My fingers would ache for hours after playing Diablo Immortal; my hands haven't spent this much time curled around my phone this way in years. Despite the pain my aging hands suffered during my first few days with Immortal, it was worth it for the fun I had. The series' core action/RPG smash and loot gameplay makes the transition wonderfully to mobile thanks to responsive controls designed for portable play and adherence to the sights and sounds of the franchise. With this mobile facelift comes a free-to-play model most can avoid spending money on, but some specific parts of its monetization model blemish this game. This is disappointing, as the game offers an otherwise strong experience.
Immortal feels like a modern Diablo game thematically and aesthetically, and it often reminds me of a great mobile version of Diablo 3. Choosing between the six available classes – Barbarian, Wizard, Demon Hunter, Necromancer, Crusader, or Monk – you will soon search for the shards of the shattered Worldstone, a vital relic from previous games. Despite Immortal taking place in the 20 years between the events of Diablo 2 and Diablo 3, the narrative is surprisingly ripe with gripping lore. A demon named Skarn aims to fill the power vacuum left after Diablo and Baal fell, causing more chaos for the never-peaceful plane of Sanctuary. Classic characters like Deckard Caine return, while new faces such as Jin and Rayek expand the established Diablo narrative in ways I appreciate.
Playing Diablo Immortal is a treat; the intuitive and responsive touch controls are some of the best I've used in a mobile game, save for some minor hiccups. Skills can be performed by touching the vicinity of a virtual button and aiming with the swipe of my thumb. Launching a fireball or dashing your character into a demonic horde this way feels great. Still, there is room for improvement in hit detection for some ranged attacks that miss when they appear on target, causing some frustrating moments in the heat of battle.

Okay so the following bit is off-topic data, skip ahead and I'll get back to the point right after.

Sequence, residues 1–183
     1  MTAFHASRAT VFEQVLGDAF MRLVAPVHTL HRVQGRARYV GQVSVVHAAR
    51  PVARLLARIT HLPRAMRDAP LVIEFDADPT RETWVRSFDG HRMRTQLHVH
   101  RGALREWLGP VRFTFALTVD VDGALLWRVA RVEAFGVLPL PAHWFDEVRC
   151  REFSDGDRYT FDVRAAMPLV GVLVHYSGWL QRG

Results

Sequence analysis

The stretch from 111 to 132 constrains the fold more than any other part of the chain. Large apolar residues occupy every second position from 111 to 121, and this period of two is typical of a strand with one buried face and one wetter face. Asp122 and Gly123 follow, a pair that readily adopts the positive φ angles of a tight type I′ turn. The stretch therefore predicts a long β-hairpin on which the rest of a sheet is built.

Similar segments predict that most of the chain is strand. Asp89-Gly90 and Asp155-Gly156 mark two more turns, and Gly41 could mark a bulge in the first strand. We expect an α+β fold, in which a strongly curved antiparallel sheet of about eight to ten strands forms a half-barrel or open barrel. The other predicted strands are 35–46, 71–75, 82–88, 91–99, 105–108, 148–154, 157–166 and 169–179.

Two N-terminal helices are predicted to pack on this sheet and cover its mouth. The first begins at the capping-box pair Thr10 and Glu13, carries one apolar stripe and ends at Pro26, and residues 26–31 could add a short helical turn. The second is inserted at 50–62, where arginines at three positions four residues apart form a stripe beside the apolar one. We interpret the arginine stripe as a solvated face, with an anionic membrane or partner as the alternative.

Adventuring around the zones of Sanctuary reveal other players duking it out with monsters, accentuating that Immortal is an MMO by nature. While this design choice sacrifices the world map's traditional random generation, I grew fond of how alive each zone feels with real people populating the area. Immortal features plenty of ways to group up with others. That includes 8-player warbands for tight-knit squads alongside larger 100-player clans that can show their allegiance to the PvP factions known as the Immortals and Shadows. I love getting a group together to run a bespoke four-player dungeon or even team up with someone on the fly to clear out the area's bounties and knock off a few quests on the Battle Pass.
As a free-to-play game, Diablo Immortal has a handful of monetization options. In my experience, you can play just about every aspect of the game without paying a dime, and I appreciate that being the case. A premium battle pass (paired with a free reward track) and cosmetics for sale in the shop are among the less intrusive expenditures, implemented in a way that doesn't feel exploitative. What is concerning, however, is certain items are extremely limited for free-to-play players but available for a real-money fee. These crests provide legendary gems with variable star ranks and stats that benefit endgame progression greatly. Not only is this special crest extremely hard to get for the non-paying players, but the odds of a high-quality gem dropping even when you're spending plenty of cash makes this part of the free-to-play system disgusting. Considering how I'm delighted with most other aspects of Diablo Immortal, the monetization systems currently in place are deeply disappointing and truly sully what is otherwise a great experience.
I was looking for a substantial Diablo experience to play on my phone with Immortal, and it often reaches that bar. While I don't see myself going deep into the endgame unless Blizzard resolves the issues with legendary gems, I still plan to spend hours in Diablo Immortal, leveling a character in every class and playing until my hands ache.